A 2010 Break - The 2012 Lineups Emerge

Tim Pawlenty has spent most of the summer traveling between two primary season hotspots – Iowa and New Hampshire – and speculation that he is ramping up his 2012 presidential bid has invigorated campaign watchers looking beyond November.

Tim Pawlenty has spent most of the summer traveling between two primary season hotspots – Iowa and New Hampshire – and speculation that he is ramping up his 2012 presidential bid has invigorated campaign watchers looking beyond November.

The intentions of the rest of the GOP’s potential 2012 bidders are slightly murkier.

Sarah Palin maintains a war chest unmatched by any but Romney and is widely expected to run. However, she has not made any trips to the early primary states of New Hampshire, Iowa and South Carolina. Public Policy Poling released a survey last week that showed Palin running in fifth place in New Hampshire, behind Romney, Gingrich, Huckabee and Ron Paul.

Mitt Romney, who leads in that poll and is widely considered the early frontrunner for the 2012 nomination, has scheduled two fundraisers for August in New Hampshire where he will raise money for House Republican hopefuls.

Mike Huckabee, FOX News host and viable presidential contender, won Iowa in 2008 but has no plans to visit the state any time soon.

Newt Gingrich has been in Iowa this month, campaigning for Congressional Candidate Brad Zaun (R), and increasing his visibility in the state ahead of a presidential bid he says that he is “very serious about.” He got a strange endorsement over the week from former DNC Chairman Howard Dean, who said he would bring “intellectual leadership” to a Republican Party that is consumed only with obstructing President Obama’s agenda. When Howard Dean backs a Republican candidate, questions of electability are raised. Gingrich has an extensive background to run against.

There are several dark horses that have not made their intentions clear, but are still considered viable Republican candidates for 2012. Indiana Governor Mitch Daniels is the Washington Republican’s favorite to mix up the stale 2008 lineup. Haley Barbour, Mississippi Governor and another GOP establishment favorite, may still declare his intentions to run in 2012. Giuliani, having fallen from grace after his failed Florida-only primary strategy, is not expected to seek the nomination, but he is doing the rounds for House candidates in conspicuous places like New Hampshire. Former Pennsylvania Sen. Rick Santorum has visited New Hampshirethree times this summer.  

Meanwhile, on the Democratic side of 2012, former Virginia Governor L. Douglas Wilder writes in Politico that Obama should be prepared to drop Vice President Joe Biden for Hillary.

It’s not that Biden is a drag on the ticket, although his foreign policy credentials have not been the boon the administration that it was thought they would be. He was tapped to be VP when the Democratic Party needed to show foreign policy experience; all that went out the window when the financial crisis hit. Wilder speculates that Biden’s utility has elapsed and Hilary is well positioned to lend some much needed credibility to the ticket.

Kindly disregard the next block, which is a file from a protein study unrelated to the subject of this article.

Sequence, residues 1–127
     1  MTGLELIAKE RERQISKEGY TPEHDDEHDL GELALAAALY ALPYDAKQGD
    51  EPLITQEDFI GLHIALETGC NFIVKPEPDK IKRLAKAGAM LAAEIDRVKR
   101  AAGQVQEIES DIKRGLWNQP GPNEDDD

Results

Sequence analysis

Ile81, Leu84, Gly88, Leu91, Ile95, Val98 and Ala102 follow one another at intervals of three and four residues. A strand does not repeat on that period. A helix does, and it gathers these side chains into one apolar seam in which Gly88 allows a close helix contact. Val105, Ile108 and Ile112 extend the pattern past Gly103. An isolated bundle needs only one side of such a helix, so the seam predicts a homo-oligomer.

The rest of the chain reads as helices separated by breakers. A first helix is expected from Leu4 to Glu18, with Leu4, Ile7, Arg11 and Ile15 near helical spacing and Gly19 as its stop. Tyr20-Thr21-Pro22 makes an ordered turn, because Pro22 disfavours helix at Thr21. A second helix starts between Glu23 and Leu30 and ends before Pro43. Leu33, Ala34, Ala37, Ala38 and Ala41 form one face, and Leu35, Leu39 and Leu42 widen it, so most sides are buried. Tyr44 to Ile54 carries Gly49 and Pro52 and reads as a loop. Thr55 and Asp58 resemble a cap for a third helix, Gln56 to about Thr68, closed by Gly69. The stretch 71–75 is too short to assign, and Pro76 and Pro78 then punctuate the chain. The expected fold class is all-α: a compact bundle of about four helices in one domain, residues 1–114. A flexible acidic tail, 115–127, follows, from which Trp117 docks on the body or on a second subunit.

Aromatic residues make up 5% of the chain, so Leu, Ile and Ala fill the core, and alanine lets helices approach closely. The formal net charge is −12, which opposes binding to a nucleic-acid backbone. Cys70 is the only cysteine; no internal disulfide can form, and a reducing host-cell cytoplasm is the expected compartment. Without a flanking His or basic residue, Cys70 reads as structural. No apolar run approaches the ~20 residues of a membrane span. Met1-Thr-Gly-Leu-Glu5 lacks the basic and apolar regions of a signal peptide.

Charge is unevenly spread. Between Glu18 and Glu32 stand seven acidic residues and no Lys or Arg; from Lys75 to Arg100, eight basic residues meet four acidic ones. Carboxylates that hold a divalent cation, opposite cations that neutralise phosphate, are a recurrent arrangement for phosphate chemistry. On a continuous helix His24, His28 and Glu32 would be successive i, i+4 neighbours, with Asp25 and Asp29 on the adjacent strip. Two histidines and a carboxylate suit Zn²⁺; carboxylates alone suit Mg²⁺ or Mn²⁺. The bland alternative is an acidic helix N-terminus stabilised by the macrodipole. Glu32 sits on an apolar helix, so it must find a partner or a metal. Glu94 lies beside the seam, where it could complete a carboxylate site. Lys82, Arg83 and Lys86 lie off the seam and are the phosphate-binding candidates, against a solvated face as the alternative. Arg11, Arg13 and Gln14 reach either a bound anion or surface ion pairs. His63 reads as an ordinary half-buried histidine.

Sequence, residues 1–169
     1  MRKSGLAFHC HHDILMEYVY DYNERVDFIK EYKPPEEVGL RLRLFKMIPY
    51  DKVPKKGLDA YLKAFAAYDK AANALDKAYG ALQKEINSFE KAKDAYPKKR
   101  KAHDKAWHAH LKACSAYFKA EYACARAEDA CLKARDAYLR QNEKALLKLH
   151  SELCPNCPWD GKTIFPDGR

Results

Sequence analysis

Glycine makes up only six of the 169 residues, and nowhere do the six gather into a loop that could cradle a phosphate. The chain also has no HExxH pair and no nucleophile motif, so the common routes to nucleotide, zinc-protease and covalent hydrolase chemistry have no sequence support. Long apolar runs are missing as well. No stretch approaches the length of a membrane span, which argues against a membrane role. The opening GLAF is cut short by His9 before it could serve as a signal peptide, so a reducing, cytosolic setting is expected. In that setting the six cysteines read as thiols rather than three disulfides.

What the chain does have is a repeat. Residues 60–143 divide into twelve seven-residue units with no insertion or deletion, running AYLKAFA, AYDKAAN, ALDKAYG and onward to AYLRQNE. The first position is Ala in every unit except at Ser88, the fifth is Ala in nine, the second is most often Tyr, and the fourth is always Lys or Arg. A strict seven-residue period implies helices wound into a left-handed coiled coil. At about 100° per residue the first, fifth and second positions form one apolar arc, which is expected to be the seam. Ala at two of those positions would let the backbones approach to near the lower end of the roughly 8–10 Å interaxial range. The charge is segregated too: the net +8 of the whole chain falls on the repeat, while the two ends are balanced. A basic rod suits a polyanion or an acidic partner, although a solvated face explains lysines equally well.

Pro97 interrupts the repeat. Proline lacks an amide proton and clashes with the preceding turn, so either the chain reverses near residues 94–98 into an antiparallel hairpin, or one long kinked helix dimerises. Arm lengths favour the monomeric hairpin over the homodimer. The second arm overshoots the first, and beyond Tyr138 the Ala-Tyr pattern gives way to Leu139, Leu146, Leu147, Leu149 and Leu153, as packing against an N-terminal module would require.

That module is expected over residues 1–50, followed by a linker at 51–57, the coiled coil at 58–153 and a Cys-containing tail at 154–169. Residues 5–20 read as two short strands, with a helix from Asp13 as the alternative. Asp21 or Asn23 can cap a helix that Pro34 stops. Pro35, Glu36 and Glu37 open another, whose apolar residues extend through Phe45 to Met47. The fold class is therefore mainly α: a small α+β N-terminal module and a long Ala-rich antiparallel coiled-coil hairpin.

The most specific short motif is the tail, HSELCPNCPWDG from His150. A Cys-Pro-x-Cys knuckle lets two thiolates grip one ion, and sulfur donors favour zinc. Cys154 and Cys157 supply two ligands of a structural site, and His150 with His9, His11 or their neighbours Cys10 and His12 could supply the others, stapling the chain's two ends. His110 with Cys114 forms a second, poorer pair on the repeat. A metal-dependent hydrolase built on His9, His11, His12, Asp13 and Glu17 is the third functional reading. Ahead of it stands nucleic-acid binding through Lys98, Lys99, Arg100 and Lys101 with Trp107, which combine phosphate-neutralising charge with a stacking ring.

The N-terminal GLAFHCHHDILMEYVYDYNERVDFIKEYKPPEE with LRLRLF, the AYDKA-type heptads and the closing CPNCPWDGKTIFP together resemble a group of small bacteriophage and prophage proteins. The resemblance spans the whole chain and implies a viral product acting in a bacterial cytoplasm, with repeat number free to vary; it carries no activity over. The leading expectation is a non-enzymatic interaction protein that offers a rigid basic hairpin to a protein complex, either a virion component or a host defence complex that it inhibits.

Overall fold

She has proven herself a competent Secretary of State. She has stood up to the Chinese and conveyed the UnitedState’s intolerance of expansionism in East Asia, if not the revaluation of their currency. This stalwartness is more than can be said of President Obama’s treatment of the Chinese leadership. She has been a responsible broker of U.S. interests in Pakistan, convincing the post-Musharraf government in Islamabad that the Taliban is as much their enemy as ours, despite the entrenched interests of Pakistan’s intelligence services. On a host of other policy issues, Secretary Clinton has performed admirably abroad while maintaining a low profile at home.

The result is a thoroughly attractive personality at a time when Democrats are facing the likelihood that their brand will be badly tarnished after the 2010 cycle. After Obama, the Democratic Party is without a leader that can mobilize the country. Congressional Democrats are slightly less popular than Dengue fever, and many Democratic governors are set to be replaced by Republicans after the next cycle.

Hillary’s low profile has allowed her to cultivate what Obama artfully utilized in the 2008 presidential campaign, legislative anonymity. She has not campaigned for any of the controversial legislative initiatives of the last 18 months so, while she is a known quantity, she is unsullied for those that oppose healthcare reform, Wall Street reform and “cap-and-trade” legislation but still don’t want to vote for Republicans.

Of course, all these qualities also make her presidential material. A 2012 challenge against Obama is the remotest of possibilities, of course. Sitting presidents are difficult to unseat in a general election, and nearly impossible to challenge successfully in a primary. The only elected president to lose a primary challenge for a second term was Franklin Pierce. Hillary may harbor desires to replace Obama after his second term, or if he is voted out in 2012, to challenge the next Republican president in 2016.

However, if Obama was to take Wilder’s advice, it would be difficult for Hillary to refuse the Vice Presidency. After all, it’s one step closer to the Oval Office.

Noah Rothman is the online editor for C&E. email him at nrothman@campaignsandelections.com

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